Should I use object oriented programming in MATLAB?

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I am designing a large Hybrid Electric Vehicle model and simulation in MATLAB (multi-order dynamic models of 10+ vehicle components, etc). The intention is to run Monte Carlo simulations with the simulation using the Parallel Computing Toolbox in MATLAB on a 200 node cluster. The simulation was originally implemented in Simulink, but needed to be rewritten in MATLAB M-code for cost/availability/performance/distributed computing reasons.
I have done a large portion of the design and implementation with MATLAB's object oriented programming constructs (and it is an extremely beautiful and elegant solution, if I may say so myself). However, I am concerned that there may be a performance hit for doing it this way, and would like to know what others think about this decision that have done similar things using MATLAB's OO constructs. I would like to hear what others think before I start the next phase of implementing such a system on the cluster (in the case that there is an overwhelming consensus to serialize the code for this application).

Accepted Answer

Adrien Leygue
Adrien Leygue on 4 May 2011
I have recently had to rewrite 90% of our research code (model reduction) which had become too messy and too intricate to support further algorithmic developments and I naturally tried to switch to OO. For this application, performances were really critical.
I have quickly moved away from OO in Matlab and gone back to a more traditional style as the code became horribly slow (even after careful profiling and optimization), apparently due to some overhead in accessing object's methods and properties.
As Matlab has become more efficient in memory management (e.g. function arguments are not duplicated if they are not modified in the function), I prefer to use some structures to organize the data. These structures are passed as arguments to the several functions.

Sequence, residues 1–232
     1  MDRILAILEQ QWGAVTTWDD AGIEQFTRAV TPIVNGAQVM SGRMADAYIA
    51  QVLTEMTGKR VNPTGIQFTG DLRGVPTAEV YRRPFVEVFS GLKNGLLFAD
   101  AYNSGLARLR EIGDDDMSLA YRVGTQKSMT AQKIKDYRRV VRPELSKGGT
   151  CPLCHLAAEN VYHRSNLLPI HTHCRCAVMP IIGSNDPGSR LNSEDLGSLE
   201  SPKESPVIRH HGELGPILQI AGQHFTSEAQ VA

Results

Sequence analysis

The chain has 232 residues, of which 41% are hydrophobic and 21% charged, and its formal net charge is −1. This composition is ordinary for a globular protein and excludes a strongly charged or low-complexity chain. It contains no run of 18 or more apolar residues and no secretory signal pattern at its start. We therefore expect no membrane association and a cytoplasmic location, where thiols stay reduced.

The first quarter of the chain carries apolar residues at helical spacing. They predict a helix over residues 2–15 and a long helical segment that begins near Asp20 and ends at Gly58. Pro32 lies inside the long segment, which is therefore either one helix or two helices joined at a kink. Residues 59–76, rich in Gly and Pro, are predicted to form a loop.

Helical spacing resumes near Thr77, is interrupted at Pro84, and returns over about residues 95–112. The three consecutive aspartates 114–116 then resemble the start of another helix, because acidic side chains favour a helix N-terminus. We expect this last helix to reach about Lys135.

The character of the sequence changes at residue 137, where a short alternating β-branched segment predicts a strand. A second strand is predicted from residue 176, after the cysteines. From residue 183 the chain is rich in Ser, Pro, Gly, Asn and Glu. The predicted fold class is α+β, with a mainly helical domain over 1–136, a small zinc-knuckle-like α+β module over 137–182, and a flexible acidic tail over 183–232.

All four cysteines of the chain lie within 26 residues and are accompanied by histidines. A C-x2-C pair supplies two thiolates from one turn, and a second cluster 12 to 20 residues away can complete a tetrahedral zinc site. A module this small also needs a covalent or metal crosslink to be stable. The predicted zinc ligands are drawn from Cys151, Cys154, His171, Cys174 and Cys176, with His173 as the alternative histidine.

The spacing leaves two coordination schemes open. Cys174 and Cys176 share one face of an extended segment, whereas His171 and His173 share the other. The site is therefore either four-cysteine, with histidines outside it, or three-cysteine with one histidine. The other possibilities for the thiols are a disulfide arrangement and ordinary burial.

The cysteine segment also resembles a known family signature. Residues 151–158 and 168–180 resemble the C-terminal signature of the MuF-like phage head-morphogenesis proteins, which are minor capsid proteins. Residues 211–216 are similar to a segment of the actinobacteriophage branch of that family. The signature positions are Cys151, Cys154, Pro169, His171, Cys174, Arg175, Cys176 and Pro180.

The only one place where I had to use OO was to benefit from the handle class for some data structure which was sometimes modified by some functions and was too big to even consider duplicating it.
In a nutshell: If Matlab had better OO performances, I'd recommend switching to OO, even for critical parts (where speed is critical) of the code. Since this is not the case I prefer to stick to structures sometime with function handle to mimic object methods. The only thing missing is the handle class inheritance.
NB: I do not claim to be an expert in Matlab OO programming, so if some OO guru has hints on how tweak things to speed up OO in order to make it as fast as traditional structures (in terms of accessing, and modifying the object properties + calling methods), I'll take all advices.
Hope this helps.

More Answers (1)

Jan on 4 May 2011
Program time = programming time + debug time + run time
Your goal is to get the results as fast as possible considering your limited budget. While it is very easy to spend 400 hours for programming, it will be hard to gain 400 hours less runtime.
There are a lot of opinions about the efficiency of OO programming. But for a reliable decision the above formula is more scientific.
Another formula:
Program cost = programming time * HWP +
debug time * HWFP +
run tim * HMC
HWP = Hourly wages for a programmer
HWFP = Hourly wages for a frustrated programmer
HMC = Hourly maintenance costs for the computers

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